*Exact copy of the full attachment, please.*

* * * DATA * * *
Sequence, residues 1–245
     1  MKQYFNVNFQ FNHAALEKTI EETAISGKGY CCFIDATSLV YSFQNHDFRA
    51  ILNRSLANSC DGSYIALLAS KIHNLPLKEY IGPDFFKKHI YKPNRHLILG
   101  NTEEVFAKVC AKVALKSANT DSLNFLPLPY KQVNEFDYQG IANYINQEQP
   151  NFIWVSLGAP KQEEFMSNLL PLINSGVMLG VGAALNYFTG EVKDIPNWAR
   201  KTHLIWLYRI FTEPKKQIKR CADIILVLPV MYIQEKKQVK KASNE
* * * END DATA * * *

Sequence, residues 1–245
     1  MKQYFNVNFQ FNHAALEKTI EETAISGKGY CCFIDATSLV YSFQNHDFRA
    51  ILNRSLANSC DGSYIALLAS KIHNLPLKEY IGPDFFKKHI YKPNRHLILG
   101  NTEEVFAKVC AKVALKSANT DSLNFLPLPY KQVNEFDYQG IANYINQEQP
   151  NFIWVSLGAP KQEEFMSNLL PLINSGVMLG VGAALNYFTG EVKDIPNWAR
   201  KTHLIWLYRI FTEPKKQIKR CADIILVLPV MYIQEKKQVK KASNE